Only there aren’t any rules to govern her attraction to her newest match, former pro-football player Samson Lima. The sexy and seemingly sweet hunk woos her one magical night… and disappears. 

Rhi thought she’d buried her hurt over Samson ghosting her, until he suddenly surfaces months later, still big, still beautiful—and in league with a business rival. He says he won’t fumble their second chance, but she’s wary. A temporary physical partnership is one thing, but a merger of hearts? Surely that’s too high a risk…

Review:

I have to give a caveat that contemporary romance isn’t really my jam. I love me some romance, but I’d rather it be set on Mars or in some fantasy realm with Elves or dragons. But interesting looking contemporary romances keep falling in my lap and I’m reading them. 

There seems to be a trend lately of writing romances that correct for all the harmful BS that the genre has suffered from in the past (and a lot of why I’ve avoided it). They’re sex positive, inclusive, diverse and feminist. And I cannot tell you how strongly I am here for that shift in tone! The Right Swipe has that in spades. Samson basically offers to hold Rhi’s purse while she works toward world domination. I loved it.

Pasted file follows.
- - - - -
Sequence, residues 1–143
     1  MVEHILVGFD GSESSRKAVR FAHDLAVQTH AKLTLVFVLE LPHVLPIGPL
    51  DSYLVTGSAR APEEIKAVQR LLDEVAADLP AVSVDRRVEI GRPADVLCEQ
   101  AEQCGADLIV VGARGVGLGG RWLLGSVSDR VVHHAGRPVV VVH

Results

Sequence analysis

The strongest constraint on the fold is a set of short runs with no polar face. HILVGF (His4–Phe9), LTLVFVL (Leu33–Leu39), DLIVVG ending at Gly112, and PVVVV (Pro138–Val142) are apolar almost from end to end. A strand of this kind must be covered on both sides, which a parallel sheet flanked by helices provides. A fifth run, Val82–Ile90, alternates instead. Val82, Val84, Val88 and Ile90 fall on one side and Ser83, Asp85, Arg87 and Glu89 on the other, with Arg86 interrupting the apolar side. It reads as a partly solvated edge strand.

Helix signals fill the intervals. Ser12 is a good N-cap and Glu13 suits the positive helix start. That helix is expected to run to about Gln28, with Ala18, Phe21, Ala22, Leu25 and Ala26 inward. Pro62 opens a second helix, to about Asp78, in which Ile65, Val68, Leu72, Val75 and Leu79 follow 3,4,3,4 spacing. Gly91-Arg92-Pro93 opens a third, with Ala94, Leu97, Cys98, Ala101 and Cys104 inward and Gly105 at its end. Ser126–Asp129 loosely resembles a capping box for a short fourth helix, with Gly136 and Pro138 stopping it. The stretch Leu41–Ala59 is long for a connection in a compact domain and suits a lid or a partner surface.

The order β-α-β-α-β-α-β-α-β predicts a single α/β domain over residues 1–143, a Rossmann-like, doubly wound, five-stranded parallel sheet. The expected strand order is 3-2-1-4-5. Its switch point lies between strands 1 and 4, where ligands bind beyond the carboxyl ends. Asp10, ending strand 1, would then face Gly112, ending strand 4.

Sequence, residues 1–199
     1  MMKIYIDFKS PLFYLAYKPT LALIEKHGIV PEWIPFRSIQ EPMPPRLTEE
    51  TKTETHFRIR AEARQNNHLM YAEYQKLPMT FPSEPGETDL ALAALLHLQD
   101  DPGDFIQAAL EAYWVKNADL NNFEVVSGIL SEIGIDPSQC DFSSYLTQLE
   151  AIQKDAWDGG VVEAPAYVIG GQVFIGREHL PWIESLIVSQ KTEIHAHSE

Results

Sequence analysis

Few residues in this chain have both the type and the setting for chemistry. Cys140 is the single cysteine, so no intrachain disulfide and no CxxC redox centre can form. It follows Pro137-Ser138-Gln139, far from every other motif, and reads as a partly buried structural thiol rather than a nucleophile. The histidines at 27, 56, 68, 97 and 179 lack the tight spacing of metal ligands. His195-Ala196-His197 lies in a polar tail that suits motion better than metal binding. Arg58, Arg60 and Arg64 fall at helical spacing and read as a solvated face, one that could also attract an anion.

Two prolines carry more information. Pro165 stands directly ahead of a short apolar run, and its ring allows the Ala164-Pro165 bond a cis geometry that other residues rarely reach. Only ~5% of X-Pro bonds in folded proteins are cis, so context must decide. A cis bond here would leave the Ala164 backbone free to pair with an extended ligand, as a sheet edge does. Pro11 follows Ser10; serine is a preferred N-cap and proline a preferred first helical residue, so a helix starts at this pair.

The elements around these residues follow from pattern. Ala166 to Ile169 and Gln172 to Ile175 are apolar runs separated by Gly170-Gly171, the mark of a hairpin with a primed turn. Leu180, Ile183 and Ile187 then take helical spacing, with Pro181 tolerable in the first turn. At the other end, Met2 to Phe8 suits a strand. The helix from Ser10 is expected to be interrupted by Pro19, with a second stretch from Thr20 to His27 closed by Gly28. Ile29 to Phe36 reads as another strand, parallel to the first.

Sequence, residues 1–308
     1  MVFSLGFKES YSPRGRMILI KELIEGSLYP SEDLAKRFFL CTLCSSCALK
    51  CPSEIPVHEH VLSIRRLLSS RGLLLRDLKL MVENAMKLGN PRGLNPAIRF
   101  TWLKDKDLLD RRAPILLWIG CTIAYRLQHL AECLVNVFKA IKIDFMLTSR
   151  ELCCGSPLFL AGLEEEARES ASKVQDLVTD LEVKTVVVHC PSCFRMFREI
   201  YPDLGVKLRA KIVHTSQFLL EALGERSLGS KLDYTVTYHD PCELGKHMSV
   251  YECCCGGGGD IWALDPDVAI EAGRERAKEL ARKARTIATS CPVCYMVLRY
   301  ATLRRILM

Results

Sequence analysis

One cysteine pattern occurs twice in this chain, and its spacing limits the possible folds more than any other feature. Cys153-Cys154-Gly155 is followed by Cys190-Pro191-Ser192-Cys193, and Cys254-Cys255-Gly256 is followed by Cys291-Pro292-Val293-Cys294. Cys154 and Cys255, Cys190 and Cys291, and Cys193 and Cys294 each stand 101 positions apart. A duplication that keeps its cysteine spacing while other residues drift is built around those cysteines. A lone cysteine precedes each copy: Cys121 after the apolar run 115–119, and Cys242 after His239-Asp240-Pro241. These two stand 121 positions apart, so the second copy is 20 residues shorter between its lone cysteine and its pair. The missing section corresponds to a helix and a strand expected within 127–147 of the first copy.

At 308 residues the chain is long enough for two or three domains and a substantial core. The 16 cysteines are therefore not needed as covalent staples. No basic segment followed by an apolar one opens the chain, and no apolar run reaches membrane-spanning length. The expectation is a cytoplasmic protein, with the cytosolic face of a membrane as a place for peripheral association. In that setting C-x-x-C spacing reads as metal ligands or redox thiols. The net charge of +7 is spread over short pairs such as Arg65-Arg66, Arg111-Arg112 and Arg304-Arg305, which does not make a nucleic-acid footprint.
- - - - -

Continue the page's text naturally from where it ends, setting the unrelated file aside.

I did think Rhi was overreactive at times and the book bordered on didactic on several fronts. But I loved Samson and generally enjoyed the story. Plus, Morton and Pallino did great jobs with the narration.

Review of Imperfect Match, by Jordan Castillo Price

I received an Audible credit for a copy of Jordan Castillo Price‘s Imperfect Match.

Description from Goodreads:

Lee Kennedy’s destiny is controlled by the Algorithm. It’s the reason he’s still in college, regardless of his good academic performance. He’s switched his major repeatedly and stalled on his Master’s thesis, but there’s only so much longer he can hold out. Because once he graduates, the Algorithm must be triggered.